Thank you for the kind words, Randall. Most programmers spend more time maintaining code written by other people than writing new code. More time will be spent reading and maintaining code than writing it in the first place. Because of this, code maintainability is more important than saving a few keystrokes when writing it initially. A lot of professional programmers ufortunately don't understand this. Hopefully I can convince a few people here.
17 years ago

Originally posted by Thomas Paul:
Wow, the language has 3 things that are harder than Java so the language is harder! Well, there are other things that are easier to do in C# so maybe Java is harder. So on a scale of 1 to 100, C# is .1 harder than Java. If you can't handle that then I suggest Visual Basic may be a good choice for you.


First, I don't know where you got the "3 things" from. Second, I am not talking about whether a feature is "harder". I am talking about whether a feature encourages people to write non-obvious, hard-to-maintain code. This has nothing to do with whether a feature is hard to learn or not.


As far as the examples from the "C# FAQ", the person who wrote that did it as a worst case scenario. He "despises" Microsoft and all Microsoft products. He constantly posts on the C# newsgroups to brag about how wonderful Java is. He is a jerk.


If you run out of arguments, resort to name calling. And they made you a moderator. How ironic!


As far as operator overloading goes, sometimes it si useful. Java said who cares let's eliminate it. C# says let's leave it in and have people use it wisely. Sure you can use it unwisely.


It is used unwisely more often than not. Many programmers know how to use operator overloading wisely. Far too many don't. Unfortunately, when an individual programmer uses operator overloading unwisely, it is not just he/she that suffers. The rest of us who get to maintain his code suffer too. This is the reason it is better to use a language that doesn't support operator overloading at all. After all, there are only a few circumstances (such as numerical computing) where the use of operator overloading is justified.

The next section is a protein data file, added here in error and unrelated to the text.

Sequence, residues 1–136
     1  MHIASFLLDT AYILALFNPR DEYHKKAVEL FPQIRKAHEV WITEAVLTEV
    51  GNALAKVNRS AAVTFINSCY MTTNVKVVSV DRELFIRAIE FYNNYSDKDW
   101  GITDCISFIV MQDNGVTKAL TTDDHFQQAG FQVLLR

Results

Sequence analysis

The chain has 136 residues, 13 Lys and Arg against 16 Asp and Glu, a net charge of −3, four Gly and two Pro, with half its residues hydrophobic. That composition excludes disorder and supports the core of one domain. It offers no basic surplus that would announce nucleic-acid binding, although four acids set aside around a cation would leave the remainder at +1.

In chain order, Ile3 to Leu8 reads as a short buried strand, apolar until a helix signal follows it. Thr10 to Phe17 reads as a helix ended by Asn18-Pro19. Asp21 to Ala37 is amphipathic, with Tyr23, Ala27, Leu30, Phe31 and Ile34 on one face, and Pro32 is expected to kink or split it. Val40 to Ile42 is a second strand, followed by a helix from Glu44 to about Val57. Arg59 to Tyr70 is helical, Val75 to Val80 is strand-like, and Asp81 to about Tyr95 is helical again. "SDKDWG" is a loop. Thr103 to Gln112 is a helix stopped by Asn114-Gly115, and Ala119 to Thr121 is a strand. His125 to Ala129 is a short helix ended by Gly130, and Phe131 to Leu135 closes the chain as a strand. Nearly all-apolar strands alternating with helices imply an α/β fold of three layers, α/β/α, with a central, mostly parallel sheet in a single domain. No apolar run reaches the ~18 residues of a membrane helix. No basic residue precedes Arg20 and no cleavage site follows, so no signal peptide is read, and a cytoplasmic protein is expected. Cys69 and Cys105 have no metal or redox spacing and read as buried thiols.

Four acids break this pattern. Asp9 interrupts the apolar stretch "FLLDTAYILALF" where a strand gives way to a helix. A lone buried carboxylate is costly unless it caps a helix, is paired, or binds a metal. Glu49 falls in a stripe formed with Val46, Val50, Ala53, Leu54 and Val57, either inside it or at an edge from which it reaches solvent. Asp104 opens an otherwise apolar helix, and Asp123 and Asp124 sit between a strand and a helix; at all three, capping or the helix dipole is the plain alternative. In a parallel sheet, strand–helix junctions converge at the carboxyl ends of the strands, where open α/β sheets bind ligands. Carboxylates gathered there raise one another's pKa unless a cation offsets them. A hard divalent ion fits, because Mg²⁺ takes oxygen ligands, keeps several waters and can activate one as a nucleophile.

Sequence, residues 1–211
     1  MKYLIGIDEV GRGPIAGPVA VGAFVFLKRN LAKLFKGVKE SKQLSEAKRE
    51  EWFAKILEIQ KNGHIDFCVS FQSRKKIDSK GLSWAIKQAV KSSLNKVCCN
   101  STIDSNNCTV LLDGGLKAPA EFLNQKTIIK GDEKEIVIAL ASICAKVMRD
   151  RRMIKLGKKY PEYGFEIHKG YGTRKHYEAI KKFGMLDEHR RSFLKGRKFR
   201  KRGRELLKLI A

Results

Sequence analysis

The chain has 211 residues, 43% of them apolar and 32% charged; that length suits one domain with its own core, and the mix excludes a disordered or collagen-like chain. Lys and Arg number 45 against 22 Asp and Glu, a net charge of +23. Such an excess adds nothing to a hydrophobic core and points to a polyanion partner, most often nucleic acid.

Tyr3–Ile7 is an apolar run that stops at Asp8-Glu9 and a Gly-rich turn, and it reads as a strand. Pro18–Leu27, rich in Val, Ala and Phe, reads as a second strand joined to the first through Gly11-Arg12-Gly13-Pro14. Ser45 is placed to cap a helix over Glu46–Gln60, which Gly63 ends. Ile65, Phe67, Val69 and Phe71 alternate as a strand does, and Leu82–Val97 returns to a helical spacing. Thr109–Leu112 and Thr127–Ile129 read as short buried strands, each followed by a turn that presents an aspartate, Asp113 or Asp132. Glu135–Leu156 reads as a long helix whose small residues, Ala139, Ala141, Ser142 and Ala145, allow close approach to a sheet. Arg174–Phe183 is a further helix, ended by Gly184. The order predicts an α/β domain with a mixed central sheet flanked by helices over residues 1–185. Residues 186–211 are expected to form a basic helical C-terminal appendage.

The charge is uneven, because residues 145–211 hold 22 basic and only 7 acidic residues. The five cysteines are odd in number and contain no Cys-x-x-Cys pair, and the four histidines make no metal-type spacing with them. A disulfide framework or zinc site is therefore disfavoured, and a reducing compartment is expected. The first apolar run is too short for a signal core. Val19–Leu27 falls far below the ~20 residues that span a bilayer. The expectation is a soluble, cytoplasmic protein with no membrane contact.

But there are plenty of language features in Java that are poorly done that can cause code confusion. That is what separates programmers from hackers.


Any language feature can be misused. Java eliminated the features that bring more pain than gain. Operator overloading is only one example.


Parts of .Net and C# have been given to ECMA. There will be a C# port because it has nothing to do with Microsoft.


First, the language by itself is not very useful. You need the libraries. Second, the current version of C# has been given to ECMA, but the next version may not be. (COM/DCOM was given to the Active Group, but COM+ was not, remember?)
[ April 22, 2002: Message edited by: Apu Petilon ]
17 years ago

Originally posted by Thomas Paul:
Apu, isn't is curious that you have never posted a single line in any other thread in JavaRanch ever? The only thing that you seem concerned about is C#. Does C# scare you that much? Or are you just a troll?
And I'm moving this to Meaningless Drivel because it has nothing to do with Java News.
[ April 22, 2002: Message edited by: Thomas Paul ]


I am not going to respond to your personal attacks because I don't think a lot of people here wants to read either your personal attacks or my response to them.
17 years ago

Originally posted by Thomas Paul:
This is simply not true. As a Java developer (6 years) who has learned C#, I can tell you that C# is not anymore complex than Java.


A disingenuous statement if I have ever seen one. If one language has properties, operator overloading, indexers, structs, implicit type conversion operators etc how can that language be no more complex than a language doesn't have any of those features? In C# the statement x.y += a\[b\]; can contain 10 hidden function calls. In Java the same statement can contain no function calls. Is C# as simple as Java? For more info see http://www.geocities.com/csharpfaq/test2.html

Originally posted by Thomas Paul:

And if operator overloading is such a problem, why does Gosling want to add it back to Java?